BY JANE MUNGABWA – “Information is available, but people are too ignorant to access it”, was the opinion of a young man who attended an access to information (ATI) workshop in Rundu. I think that it is deeper than that. Yes, information is readily available everywhere, but only for those who can understand it and afford it.

One of the main messages that ACTION Namibia has been sharing with people in the regions during the country-wide access to information workshops as part of the ACTION NOW project funded by the Namibia Media Trust and Embassy of Finland, is that the constitutional right of freedom of opinion and expression cannot be exercised fully without access to information. An example of this is a video that was circulating on social media earlier in 2018 of a reporter in Zimbabwe asking a citizen about the elections using political jargon. The man tried to respond to the reporter’s question, but eventually he told the reporter “boss try to talk what I understand… if you talk like that I can’t understand.”

I am of the opinion that many Namibians in remote areas are in the same position as the man in the video. In recent years, many public and private institutions have been making information available about their operations and policies on company websites and social media pages. Despite these efforts, information is still hard to access for people who live in remote rural areas, especially those who are illiterate. Most official documents are written in English and contain a lot of technical jargon that even an educated person who is not an expert on the topics in documents will not understand. It is not enough to share large English jargon-filled documents and claim “information is available”.

The country-wide information workshops that ACTION Namibia had with grassroots communities confirm the lack of understanding of information due to language difficulties. Many people complained that being given information in a language that they did not understand disempowered them as they did not have an appreciation of what was being said. They also said they could not use the information to better their lives.

Those living in the remote areas who could read, complained that they faced challenges accessing the internet as they did not have the right devices or money to buy data. They also complained about the poor network connection in their areas and emphasised that it prevented them from accessing information online.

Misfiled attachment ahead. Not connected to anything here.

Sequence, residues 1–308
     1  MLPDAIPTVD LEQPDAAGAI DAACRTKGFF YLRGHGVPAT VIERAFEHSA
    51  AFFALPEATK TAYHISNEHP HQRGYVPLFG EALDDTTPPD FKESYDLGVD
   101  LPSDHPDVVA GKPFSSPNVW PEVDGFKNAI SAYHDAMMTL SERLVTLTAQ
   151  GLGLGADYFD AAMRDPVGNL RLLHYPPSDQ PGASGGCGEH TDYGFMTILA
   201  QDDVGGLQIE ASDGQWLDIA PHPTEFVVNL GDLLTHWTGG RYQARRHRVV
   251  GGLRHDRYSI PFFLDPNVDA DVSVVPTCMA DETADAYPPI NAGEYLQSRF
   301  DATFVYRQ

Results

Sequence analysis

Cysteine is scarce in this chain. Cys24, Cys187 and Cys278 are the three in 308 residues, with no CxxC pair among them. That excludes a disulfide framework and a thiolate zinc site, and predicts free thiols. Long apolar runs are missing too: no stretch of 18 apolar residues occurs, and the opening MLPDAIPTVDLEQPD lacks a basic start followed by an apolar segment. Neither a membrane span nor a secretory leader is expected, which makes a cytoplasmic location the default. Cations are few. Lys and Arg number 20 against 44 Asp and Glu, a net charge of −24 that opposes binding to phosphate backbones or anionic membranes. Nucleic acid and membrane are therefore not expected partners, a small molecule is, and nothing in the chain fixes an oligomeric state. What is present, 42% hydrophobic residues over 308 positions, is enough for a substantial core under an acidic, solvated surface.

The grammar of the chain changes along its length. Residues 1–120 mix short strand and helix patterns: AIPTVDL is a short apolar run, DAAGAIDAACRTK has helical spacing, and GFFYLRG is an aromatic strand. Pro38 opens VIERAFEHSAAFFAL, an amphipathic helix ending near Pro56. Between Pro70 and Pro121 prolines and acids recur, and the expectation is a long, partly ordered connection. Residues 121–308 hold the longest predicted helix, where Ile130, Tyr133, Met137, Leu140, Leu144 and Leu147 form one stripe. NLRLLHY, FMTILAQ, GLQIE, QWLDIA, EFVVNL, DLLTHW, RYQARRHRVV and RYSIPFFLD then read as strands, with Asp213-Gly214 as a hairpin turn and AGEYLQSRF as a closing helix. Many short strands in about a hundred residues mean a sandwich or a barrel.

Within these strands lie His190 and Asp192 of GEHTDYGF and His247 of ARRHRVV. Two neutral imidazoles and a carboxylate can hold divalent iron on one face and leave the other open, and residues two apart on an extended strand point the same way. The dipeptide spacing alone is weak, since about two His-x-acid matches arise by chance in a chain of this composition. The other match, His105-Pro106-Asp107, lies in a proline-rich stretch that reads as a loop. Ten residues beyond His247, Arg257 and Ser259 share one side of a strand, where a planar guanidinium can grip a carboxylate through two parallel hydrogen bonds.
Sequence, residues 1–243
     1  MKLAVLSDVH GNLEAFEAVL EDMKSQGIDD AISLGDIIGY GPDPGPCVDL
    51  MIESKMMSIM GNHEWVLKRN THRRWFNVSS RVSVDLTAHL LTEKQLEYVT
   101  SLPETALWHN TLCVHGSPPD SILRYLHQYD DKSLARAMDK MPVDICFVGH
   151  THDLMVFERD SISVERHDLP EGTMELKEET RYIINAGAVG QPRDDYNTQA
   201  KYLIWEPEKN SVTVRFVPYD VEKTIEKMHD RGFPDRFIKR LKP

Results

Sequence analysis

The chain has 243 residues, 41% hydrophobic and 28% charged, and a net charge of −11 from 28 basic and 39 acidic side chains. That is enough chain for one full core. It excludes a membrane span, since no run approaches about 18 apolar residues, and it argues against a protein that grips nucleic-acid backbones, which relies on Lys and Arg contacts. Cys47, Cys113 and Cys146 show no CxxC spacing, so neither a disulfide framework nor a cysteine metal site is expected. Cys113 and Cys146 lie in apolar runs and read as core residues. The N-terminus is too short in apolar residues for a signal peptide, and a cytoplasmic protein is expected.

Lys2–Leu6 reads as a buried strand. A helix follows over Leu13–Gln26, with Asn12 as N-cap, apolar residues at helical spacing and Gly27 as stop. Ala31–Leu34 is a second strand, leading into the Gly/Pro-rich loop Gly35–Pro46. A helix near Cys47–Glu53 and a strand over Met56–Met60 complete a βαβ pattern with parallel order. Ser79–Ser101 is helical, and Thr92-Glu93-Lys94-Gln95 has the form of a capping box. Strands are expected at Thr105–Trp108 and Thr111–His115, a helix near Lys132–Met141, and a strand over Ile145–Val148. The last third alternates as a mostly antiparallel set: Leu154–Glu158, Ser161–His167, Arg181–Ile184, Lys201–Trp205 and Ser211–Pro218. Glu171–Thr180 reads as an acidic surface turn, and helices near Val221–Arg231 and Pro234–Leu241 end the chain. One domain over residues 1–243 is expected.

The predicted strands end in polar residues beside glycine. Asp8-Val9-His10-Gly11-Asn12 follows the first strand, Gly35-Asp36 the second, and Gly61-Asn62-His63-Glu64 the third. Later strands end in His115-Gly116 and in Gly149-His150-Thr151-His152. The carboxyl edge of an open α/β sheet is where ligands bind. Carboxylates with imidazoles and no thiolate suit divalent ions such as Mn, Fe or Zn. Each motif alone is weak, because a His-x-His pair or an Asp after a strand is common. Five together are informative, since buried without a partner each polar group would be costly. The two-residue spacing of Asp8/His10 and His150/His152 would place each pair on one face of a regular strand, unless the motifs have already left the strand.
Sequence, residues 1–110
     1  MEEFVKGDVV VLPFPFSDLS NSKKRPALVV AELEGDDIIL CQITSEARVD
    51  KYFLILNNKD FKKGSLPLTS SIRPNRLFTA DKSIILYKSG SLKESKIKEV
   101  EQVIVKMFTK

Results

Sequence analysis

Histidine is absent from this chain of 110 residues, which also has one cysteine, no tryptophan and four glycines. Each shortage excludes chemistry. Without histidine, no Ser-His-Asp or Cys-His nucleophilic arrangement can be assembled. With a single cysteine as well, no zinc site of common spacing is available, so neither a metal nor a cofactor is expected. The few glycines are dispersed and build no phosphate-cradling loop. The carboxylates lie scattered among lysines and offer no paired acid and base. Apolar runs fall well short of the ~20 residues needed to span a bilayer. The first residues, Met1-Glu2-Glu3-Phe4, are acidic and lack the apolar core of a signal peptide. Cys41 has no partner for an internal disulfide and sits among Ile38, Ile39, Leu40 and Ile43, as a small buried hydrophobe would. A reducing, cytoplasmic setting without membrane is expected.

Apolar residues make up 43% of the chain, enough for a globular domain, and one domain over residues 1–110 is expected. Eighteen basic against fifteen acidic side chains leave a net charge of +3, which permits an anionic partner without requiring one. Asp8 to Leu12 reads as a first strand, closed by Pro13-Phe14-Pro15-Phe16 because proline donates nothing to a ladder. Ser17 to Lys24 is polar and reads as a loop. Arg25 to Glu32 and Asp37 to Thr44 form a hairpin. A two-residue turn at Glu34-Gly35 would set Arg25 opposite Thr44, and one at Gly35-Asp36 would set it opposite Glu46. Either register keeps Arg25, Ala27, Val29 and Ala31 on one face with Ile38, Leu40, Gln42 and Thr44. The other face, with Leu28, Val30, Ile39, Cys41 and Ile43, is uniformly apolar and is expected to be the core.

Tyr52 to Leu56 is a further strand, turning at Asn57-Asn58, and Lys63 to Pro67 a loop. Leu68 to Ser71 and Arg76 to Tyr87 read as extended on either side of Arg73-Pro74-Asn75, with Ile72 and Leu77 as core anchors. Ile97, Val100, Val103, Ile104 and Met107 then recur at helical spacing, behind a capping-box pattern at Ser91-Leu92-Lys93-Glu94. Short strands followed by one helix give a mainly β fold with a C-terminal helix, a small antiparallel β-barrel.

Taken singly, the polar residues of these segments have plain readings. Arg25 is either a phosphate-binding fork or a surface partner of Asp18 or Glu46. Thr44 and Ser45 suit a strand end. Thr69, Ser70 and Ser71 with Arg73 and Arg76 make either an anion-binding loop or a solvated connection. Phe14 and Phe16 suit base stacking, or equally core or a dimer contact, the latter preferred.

Despite this glaring information gap, between those who live in rural areas and those who reside in urban areas, every voter is expected to exercise their democratic right and vote for new leaders each election year. Many do not even know what these leaders are mandated to do. An uninformed citizen, therefore, cannot have an informed opinion or meaningfully contribute to a participatory democracy.

As somebody who has had a fairly good education, it is easy for someone like me to generalize and say that people don’t have information because they are ignorant. While that statement might be true for someone who is literate and has access to the internet, it is not necessarily the same for people in remote and rural areas. As public institutions, NGO’s, private institutions or individuals whose aim is to empower citizens through giving them information, let’s work together to find ways to ensure that the man or woman in the village is informed and thus empowered to make a meaningful contribution to our country’s development. Regular face-to-face meetings where citizens are given information in a language that they understand and are afforded the opportunity to air their concerns to local decision makers can be quite effective to ensure that development programmes that are created actually benefit the community, and are not just tick of box exercises.

“Give a man a fish and you feed him for a day. Teach a man to fish and you feed him for a lifetime”, lets help our kin who are in remote areas to make the most of the resources that they have and so that they have access to better standards of living, by teaching them the importance of actively seeking and accessing information that is relevant to them.